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Re: Abandoned Panthers.

Postby Gorque » 17 Aug 2017 16:03

Hi Michael:

Thanks for the quick reply and for your observations regarding the pictures.

Edit:

The tree-lined road has obviously been avoided by Allied vehicles who use the fields either side to move forward. Is it mined or blocked with other vehicles?


How do you know this about the above? Is this mentioned in the book? Are there other pictures in this series of the Allied vehicles avoiding the road?

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Gorque
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Re: Abandoned Panthers.

Postby Gorque » 17 Aug 2017 16:26

Hi Michael:

In picture #3, it looks like the "G" model was holed in the side of the turret right above the whatever the tank was carrying. To me it looks like some type of discoloring around the suspected holing. Also the gun is slightly depressed, perhaps indicating a hydraulics failure. The car behind it also doesn't appear in any driveable condition.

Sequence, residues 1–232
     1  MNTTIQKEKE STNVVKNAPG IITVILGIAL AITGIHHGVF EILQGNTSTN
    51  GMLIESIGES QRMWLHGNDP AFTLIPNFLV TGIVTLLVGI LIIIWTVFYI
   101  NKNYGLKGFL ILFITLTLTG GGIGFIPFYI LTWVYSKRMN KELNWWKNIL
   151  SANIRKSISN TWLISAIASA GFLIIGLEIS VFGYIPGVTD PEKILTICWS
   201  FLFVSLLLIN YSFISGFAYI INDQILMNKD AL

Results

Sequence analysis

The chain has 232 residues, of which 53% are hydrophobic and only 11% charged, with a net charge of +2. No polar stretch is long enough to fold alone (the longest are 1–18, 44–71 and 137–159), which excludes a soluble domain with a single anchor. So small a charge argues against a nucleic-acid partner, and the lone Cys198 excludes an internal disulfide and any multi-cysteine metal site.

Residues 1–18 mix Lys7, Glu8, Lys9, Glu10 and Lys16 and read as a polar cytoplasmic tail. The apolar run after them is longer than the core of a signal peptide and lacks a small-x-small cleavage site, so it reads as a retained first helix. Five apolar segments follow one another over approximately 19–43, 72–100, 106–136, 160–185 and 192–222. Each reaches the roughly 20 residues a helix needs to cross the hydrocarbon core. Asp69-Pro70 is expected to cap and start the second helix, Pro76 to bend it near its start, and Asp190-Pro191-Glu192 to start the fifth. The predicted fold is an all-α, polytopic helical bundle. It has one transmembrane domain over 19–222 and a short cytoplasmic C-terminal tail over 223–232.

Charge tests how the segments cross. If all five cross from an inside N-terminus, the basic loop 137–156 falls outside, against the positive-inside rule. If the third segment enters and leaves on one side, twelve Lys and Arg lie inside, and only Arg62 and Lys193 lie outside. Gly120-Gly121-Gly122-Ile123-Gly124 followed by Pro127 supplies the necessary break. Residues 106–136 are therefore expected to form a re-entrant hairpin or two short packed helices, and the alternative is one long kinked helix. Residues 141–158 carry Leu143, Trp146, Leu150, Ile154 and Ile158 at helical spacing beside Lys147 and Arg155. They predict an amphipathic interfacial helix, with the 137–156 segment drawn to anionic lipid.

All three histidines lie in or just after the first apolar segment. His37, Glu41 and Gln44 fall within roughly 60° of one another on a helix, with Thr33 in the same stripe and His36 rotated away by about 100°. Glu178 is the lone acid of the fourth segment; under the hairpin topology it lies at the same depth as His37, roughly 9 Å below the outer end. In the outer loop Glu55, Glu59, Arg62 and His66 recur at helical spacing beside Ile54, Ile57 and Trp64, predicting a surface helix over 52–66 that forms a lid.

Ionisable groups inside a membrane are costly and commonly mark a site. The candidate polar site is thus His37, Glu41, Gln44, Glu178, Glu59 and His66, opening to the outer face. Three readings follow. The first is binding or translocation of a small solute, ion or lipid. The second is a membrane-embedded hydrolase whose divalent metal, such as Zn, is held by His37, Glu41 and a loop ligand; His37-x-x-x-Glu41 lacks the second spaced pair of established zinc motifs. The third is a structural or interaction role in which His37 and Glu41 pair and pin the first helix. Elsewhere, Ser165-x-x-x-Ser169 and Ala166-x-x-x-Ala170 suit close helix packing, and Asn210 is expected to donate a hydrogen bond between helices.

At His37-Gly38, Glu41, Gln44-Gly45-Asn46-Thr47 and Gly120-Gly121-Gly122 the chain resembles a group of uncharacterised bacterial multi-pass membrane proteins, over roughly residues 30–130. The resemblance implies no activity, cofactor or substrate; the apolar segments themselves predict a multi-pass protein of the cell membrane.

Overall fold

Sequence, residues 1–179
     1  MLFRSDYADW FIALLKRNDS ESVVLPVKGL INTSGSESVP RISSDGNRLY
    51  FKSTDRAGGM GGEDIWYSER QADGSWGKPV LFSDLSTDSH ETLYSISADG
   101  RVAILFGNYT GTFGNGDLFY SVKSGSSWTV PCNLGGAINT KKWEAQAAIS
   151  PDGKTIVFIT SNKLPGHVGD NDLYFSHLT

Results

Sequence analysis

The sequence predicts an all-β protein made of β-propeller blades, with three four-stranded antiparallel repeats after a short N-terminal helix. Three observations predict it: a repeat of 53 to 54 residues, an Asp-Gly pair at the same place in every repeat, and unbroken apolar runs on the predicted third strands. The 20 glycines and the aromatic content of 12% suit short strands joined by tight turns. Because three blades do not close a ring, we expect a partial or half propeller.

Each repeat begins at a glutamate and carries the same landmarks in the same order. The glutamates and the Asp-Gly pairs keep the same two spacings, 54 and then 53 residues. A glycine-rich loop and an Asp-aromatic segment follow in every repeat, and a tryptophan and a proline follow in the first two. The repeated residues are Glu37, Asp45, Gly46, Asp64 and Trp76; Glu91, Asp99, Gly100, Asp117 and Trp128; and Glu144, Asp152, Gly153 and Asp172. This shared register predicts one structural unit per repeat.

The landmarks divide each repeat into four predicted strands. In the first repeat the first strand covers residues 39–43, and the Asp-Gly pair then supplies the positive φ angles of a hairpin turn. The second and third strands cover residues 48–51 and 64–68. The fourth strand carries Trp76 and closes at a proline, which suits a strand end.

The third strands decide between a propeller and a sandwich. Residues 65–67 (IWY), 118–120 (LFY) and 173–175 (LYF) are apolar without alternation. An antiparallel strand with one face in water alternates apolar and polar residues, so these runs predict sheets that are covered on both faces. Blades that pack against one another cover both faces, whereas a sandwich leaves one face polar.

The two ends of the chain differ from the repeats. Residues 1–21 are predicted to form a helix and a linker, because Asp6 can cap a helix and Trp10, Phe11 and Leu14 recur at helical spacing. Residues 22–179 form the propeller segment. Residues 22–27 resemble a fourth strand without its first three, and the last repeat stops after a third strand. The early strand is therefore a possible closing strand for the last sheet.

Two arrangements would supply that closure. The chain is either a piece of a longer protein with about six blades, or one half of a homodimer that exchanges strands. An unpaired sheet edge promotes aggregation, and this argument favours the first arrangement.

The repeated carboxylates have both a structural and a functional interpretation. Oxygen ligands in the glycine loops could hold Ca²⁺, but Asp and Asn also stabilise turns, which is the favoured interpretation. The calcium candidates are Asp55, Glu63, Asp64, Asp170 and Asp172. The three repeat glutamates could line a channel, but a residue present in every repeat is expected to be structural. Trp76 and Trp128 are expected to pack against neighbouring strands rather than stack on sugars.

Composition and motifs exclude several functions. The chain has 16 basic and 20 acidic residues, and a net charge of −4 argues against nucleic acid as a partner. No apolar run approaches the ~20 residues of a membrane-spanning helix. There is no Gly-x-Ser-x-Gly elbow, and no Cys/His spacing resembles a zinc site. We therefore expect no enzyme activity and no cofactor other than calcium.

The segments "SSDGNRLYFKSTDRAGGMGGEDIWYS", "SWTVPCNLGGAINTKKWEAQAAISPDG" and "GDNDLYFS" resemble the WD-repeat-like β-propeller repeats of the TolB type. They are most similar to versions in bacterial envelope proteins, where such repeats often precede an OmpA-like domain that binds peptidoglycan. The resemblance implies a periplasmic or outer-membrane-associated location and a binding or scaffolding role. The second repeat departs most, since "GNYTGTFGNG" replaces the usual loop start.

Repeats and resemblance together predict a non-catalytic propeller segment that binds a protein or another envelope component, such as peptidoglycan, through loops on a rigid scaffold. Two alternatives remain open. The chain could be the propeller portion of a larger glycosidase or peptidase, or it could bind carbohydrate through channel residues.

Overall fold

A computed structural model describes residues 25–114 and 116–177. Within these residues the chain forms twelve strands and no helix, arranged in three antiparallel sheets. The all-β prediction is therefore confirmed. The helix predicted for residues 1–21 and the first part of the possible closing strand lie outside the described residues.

In pictures 1 & 2, it looks to me as if the StuG is missing its roof. The Panther in picture #1, on the left side of the picture looks as if its engine cover is open. The one closest on the right looks to me that its hatches are open. In picture # 2, the remaining Panthers also appear to have their hatches open.

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Re: Abandoned Panthers.

Postby Michael Kenny » 17 Aug 2017 17:36

Gorque wrote:
How do you know this about the above? Is this mentioned in the book?


It is common sense. The tracks show the vehicles have avoided the road. There must be a reason. You have eyes just as good as any author and your readings are just as good as theirs. Try not to be led by others and form your own conclusions.